In approving the change in airworthiness category, the CAA did not review all the required documentation and so missed the opportunity to ensure the aeroplane was fit for the purpose. The Commission recommends that the Director takes the necessary action that ensures there is a thorough and coordinated oversight when accepting aircraft modifications and approving changes in category, especially for specialised operations like parachuting
Implementation Status: Open
Reply: See Comment. This recommendation addresses 2 separate issues. First, with respect the review of documentation required for a change from 'restricted' to ?standard category, the Director will consider whether physical aeroplane inspections are warranted when an aircraft changes category. However, the resources and other implications of such inspections will need to be identified and evaluated before the Director accepts the recommendation in full.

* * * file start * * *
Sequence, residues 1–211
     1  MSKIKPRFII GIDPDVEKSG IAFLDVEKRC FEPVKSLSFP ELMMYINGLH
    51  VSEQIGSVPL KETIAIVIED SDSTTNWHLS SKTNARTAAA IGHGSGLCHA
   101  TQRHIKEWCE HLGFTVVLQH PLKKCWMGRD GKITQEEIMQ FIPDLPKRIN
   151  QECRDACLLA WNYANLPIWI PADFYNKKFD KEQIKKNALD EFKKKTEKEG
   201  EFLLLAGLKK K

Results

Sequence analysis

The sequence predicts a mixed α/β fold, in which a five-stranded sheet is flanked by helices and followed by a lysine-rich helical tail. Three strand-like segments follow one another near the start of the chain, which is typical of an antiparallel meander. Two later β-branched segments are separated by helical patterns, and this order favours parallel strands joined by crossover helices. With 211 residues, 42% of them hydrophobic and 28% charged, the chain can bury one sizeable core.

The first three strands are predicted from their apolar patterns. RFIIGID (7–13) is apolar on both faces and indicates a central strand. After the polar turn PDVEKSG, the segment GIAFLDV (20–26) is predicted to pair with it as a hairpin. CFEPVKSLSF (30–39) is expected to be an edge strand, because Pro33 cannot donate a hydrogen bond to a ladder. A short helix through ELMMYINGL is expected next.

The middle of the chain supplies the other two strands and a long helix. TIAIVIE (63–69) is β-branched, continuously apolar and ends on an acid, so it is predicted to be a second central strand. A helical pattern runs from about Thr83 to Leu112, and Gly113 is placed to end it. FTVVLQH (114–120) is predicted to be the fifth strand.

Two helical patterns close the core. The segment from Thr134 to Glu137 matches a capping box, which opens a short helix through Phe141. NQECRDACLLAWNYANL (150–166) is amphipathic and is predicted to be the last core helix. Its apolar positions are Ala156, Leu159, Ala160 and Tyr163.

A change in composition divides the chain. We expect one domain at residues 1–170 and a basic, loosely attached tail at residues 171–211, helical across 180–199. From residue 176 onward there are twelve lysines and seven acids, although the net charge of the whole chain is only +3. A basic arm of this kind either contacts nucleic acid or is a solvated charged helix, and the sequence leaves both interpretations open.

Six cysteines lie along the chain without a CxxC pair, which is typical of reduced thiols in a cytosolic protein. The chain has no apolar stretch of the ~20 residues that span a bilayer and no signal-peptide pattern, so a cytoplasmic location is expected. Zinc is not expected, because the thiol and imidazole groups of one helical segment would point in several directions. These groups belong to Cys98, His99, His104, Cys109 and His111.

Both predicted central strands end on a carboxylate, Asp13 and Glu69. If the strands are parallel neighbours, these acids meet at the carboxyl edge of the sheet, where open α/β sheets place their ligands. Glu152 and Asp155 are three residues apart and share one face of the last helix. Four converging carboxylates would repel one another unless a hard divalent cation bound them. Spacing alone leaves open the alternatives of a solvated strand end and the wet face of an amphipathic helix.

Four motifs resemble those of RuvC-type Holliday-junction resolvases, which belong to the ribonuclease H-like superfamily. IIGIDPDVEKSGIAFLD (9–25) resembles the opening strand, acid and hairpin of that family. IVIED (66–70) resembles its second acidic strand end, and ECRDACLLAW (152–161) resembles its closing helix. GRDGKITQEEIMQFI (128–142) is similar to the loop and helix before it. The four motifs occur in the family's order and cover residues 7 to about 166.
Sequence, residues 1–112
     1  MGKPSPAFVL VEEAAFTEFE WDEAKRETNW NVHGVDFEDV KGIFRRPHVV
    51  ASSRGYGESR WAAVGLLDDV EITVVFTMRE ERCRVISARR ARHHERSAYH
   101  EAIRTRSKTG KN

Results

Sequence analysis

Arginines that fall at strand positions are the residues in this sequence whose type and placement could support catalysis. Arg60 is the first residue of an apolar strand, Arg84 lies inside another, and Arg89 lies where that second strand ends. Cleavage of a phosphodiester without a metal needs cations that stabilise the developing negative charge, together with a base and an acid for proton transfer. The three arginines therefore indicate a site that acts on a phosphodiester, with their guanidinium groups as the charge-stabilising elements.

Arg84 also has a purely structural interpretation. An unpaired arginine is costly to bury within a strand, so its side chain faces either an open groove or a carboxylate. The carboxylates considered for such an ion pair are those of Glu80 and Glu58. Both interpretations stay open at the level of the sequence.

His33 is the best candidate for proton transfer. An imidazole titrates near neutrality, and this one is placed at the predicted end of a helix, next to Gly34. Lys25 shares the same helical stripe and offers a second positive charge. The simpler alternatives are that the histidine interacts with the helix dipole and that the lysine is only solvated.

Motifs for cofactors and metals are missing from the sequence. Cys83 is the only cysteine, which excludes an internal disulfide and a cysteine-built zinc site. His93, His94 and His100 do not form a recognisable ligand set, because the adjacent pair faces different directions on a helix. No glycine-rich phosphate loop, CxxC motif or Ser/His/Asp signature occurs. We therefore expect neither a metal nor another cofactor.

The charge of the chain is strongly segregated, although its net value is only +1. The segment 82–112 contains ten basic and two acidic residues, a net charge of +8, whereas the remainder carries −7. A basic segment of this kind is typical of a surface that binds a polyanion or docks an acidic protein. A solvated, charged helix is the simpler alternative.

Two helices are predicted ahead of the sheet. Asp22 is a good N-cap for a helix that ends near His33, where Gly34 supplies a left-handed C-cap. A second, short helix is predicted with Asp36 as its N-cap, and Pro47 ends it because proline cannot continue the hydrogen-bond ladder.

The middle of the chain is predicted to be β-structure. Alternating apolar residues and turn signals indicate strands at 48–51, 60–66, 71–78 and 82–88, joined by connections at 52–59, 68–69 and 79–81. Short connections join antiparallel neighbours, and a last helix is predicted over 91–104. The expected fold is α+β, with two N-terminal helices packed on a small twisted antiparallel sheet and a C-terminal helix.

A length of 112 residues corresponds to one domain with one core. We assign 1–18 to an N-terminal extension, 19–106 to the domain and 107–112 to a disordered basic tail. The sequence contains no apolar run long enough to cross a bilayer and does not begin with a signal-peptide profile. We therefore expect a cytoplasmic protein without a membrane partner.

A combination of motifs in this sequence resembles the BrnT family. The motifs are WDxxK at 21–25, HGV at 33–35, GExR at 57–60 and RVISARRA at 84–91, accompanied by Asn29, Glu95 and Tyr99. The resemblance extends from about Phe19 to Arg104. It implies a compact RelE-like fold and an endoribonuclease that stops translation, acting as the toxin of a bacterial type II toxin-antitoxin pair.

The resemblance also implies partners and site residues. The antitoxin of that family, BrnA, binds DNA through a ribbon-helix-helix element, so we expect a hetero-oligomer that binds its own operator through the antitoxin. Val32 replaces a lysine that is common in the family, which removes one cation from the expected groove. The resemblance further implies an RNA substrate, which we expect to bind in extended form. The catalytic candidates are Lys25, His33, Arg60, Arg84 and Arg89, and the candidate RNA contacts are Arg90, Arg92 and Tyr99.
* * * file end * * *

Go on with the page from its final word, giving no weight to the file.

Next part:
Safety Recommendation 008/12
Issued To CAA on 22 Mar 12
The wearing of appropriate seat restraints can reduce injury and save lives. The Commission recommends that the Director monitor the outcome of the joint FAA/USPA study and determine if any findings are applicable for the New Zealand parachuting industry
Implementation Status: Open
Reply: Accepted. The Director will monitor the outcome of the joint FAA/USPA study, and consider their applicability/relevance to the New Zealand aviation environment.

Safety Recommendation 009/12
Issued To CAA on 22 Mar 12